You may be thinking that the return journey being (very approx... I'm an Australian) 4000 miles
or so on a bike may tax your physical resources... However you will save much of your physical
resources by not having to run around like a headless chook acquiring a trailer/setting the trailer up/acquisition of the paraphernalia to secure the bike to the trailer and loading and unloading
the bike from the trailer multiple times/driving the car whilst towing the trailer with your
pride and joy strapped to it/storage of the car with trailer when your on the bike..
And all those things will absorb physical resource if you choose to trailer the bike part way
instead of just riding the bike there and back.

Also you would not have to worry about the cost of the trailer!
The money you save on juice, presuming you car uses more petrol towing a trailer with your
bike on it, than your bike would over the same distance, (not to mention the cost of the trailer) will allow you to spend those savings on better accommodation and better food.

Apart from all that, (and I reckon this is the main point you are "missing"):

Far greater adventure and satisfaction on a motorcycle than in a car.

Alan.

PS. Take lots of photos however you choose to travel.(y)
 

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It's going to take you just as long to drive, towing a trailer with your bike and then riding to your ultimate destination and back, as it would if you leave the car (and the trailer you would not have to buy) at home and just jumped on your bike and rode there and back.

You may be thinking that the return journey being (very approx... I'm an Australian) 4000 miles
or so on a bike may tax your physical resources... However you will save much of your physical
resources by not having to run around like a headless chook acquiring a trailer/setting the trailer up/acquisition of the paraphernalia to secure the bike to the trailer and loading and unloading
the bike from the trailer multiple times/driving the car whilst towing the trailer with your
pride and joy strapped to it/storage of the car with trailer when your on the bike..
And all those things will absorb physical resource if you choose to trailer the bike part way
instead of just riding the bike there and back.

Also you would not have to worry about the cost of the trailer!
The money you save on juice, presuming you car uses more petrol towing a trailer with your
bike on it, than your bike would over the same distance, (not to mention the cost of the trailer) will allow you to spend those savings on better accommodation and better food.

Apart from all that, (and I reckon this is the main point you are "missing"):

Far greater adventure and satisfaction on a motorcycle than in a car.

Alan.

PS. Take lots of photos however you choose to travel.(y)
Great in theory, and have done it many times, but...and we know there is always a but involved, you can normally put down many more miles in the car in a day than you can on a bike without getting too fatigued so you spend less time getting to the starting point during a limited vacation.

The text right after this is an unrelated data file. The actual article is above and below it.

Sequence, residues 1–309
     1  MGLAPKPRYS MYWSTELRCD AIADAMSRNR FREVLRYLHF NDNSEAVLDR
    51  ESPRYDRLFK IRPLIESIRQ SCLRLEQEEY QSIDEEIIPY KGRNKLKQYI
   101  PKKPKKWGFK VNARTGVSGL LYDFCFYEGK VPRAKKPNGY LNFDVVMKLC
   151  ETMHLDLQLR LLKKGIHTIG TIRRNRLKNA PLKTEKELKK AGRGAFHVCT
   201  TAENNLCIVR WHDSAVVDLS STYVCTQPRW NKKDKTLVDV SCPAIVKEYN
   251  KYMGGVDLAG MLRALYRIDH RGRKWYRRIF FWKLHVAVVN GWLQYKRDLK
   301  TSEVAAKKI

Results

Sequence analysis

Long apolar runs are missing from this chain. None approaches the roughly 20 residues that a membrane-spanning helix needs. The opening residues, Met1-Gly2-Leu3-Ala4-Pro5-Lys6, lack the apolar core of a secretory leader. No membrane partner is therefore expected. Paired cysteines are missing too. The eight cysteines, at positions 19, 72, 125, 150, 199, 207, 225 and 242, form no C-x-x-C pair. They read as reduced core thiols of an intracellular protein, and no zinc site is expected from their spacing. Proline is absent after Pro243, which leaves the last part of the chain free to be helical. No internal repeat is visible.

In the US, unless you are a school teacher, 2 weeks is max consecutive time off for most workers. Spending 6 days riding to and back from the good roads eats into that time.

Now, convince a buddy or two to go with you and you have now doubled the distance and hours on the road you can spend driving to the destination giving you more time for enjoying the good roads.

Also, if your bikes happens to break down out there, it is easier to get it back to the car and haul it home.
 

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Ok, dumb suggestion. Have you looked into shipping the bike? We've used U-Ship for all kinds of things, though not a motorcycle, and the rates have been very good. The only thing is your shipment dates are somewhat flexible. What they do is put your job out for bid, and someone with space in their truck will pick up the work for cheap just to get a few extra $.

Depending on where you want to start/stop, you could probably find someone on this forum who would receive your bike for you and keep it the few days until you arrived.
 

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I have met people with only enough time off to explore the country in one direction. They make the trip on their bike and then either ship it home, or stick in storage until they can fly back out to ride home. This works well if the trip out is near the end of their riding season. Another option I鈥檝e seen people do is fly across country, buy a bike and ride it home.
 

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Last summer, I took my 650 Versys out viaSouth Dakota, Wyoming and to glacier park in Montana, had a great time particularly while staying in Whitefish, and and going to Deadpool鈥檚 end of August festivities.. here鈥檚 how I did it...